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MPAA, RIAA urge ICANN to do more about copyright infringement

By Shawn Knight ยท 6 replies
Mar 10, 2015
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  1. mpaa riaa icann piracy copyright infringement

    In their continued fight against copyright infringement, the Motion Picture Association of America (MPAA) and the Recording Industry Association of America (RIAA) are now turning their attention to the Internet Corporation for Assigned Names and Numbers (ICANN).

    Last month, MPAA sent a letter to ICANN in which they urged the organization to take strong action against the use of domain names for illegal and abusive activities which includes those related to copyright infringement.

    A week ago, ICANN fielded a similar letter from RIAA in which the organization said it was disappointed with ICANN’s treatment of copyright abuse complaints and urged them to make domain name registries and registrars investigate copyright abuse complaints and take swift action.

    The Washington Post recently questioned just how much ICANN could do to police the Internet with regard to movie and music piracy. Here’s what they found.

    Back in 2013 when ICANN opened up top-level domains, it included a provision in its contract with the registries of the new top-level domains called Public Interest Commitments. Part of that agreement mandated that they’d only do business with domain name registrars that prohibited its customers from distributing piracy, trademark and copyright infringement in addition to a hose of other nefarious activities.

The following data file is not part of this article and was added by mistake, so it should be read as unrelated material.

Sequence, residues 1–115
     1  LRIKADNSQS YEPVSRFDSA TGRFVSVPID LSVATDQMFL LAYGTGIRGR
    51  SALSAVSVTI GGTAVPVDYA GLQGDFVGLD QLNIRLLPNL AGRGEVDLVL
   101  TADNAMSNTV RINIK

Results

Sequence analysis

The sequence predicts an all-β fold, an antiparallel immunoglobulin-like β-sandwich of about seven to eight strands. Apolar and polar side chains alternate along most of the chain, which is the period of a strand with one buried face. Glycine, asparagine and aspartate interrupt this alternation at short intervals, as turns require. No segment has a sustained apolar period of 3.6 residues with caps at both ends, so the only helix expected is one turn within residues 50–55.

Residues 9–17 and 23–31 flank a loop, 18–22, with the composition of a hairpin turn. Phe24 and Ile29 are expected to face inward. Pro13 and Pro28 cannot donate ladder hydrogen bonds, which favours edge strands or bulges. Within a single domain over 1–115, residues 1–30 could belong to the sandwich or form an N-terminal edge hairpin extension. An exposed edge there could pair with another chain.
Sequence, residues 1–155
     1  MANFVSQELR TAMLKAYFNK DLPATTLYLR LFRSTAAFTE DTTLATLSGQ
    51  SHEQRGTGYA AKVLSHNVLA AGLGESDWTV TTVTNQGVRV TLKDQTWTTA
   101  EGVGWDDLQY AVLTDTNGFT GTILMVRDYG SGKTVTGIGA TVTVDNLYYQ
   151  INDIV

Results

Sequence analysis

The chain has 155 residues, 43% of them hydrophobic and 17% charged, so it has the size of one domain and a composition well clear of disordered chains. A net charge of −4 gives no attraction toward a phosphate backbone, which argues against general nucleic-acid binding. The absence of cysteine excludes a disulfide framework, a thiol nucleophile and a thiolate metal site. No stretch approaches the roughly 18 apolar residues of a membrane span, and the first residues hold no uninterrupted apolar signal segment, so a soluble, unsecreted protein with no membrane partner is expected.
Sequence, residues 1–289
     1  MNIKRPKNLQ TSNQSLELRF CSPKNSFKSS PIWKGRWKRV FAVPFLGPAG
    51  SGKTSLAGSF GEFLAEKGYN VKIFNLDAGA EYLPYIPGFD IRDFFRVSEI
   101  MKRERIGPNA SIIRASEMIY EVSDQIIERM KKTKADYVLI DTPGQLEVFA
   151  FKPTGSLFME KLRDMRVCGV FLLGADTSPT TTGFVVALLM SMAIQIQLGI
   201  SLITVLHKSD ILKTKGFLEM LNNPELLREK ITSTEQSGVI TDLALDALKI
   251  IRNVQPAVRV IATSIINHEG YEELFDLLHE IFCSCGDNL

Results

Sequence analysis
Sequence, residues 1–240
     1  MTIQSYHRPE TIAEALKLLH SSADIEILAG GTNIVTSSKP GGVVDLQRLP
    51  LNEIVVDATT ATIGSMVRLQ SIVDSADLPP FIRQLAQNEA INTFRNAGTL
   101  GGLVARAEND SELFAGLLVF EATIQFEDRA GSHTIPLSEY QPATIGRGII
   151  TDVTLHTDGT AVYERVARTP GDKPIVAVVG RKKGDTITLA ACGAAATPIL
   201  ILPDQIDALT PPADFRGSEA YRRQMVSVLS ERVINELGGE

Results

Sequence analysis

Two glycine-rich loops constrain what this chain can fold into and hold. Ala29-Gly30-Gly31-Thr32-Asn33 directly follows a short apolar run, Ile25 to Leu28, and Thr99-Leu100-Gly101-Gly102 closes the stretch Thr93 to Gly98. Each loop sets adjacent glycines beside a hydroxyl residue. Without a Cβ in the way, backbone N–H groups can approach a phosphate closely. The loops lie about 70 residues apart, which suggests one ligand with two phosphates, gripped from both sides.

With that, ICANN suddenly finds itself in a sticky situation. If they are strong-armed into policing such sites, how do they go about doing it? Who comes up with a list of domains that should lose their place in the DNS? Should there be a review process? Will the accused get a chance to mount a defense?

    Do you think ICANN should have the power to make such decisions? If so, does it set a dangerous precedent moving forward?

    Permalink to story.

  2. Evernessince

    Evernessince TS Evangelist Posts: 3,999   +3,483

    First off, who determines whether or not a site is conducting illegal activities? Judging by pass incidents (like megaupload), they not only took down illegal files but also many legal ones as well. What the heck are the people supposed to do when they are paying for a service but loose access to their files because one random user decided to upload content that isn't permissible to the draconian RIAA and MPAA?

    What also constitutes punishment of the websites for the actions of it's users? Should websites with user generated content keep it in check? Yes but what the MPAA and RIAA want is for these websites to police everything for their copyrights for them. Everybody's experience is watered down due to their own incompetence and laziness.

    Frankly, the MPAA and RIAA are only looking out for number one. They don't care about anyone but their pay check issuers and will stamp on internet rights to do so. Courts need to stand up to their aoe hammer approach to the internet.
    TadMSTR likes this.
  3. yRaz

    yRaz Nigerian Prince Posts: 2,891   +2,218

    Banning domains of torrent sites from the DNS would do nothing but push them onto the TOR network which would then introduce every pirate (IE hundreds of millions of people) to the TOR network. Introducing that many people to the TOR network would be a disaster world wide for government agencies like the NSA.

    I would love to see that happen.
  4. I was talking to someone about this stuff just yesterday. Copyright is absolute balls.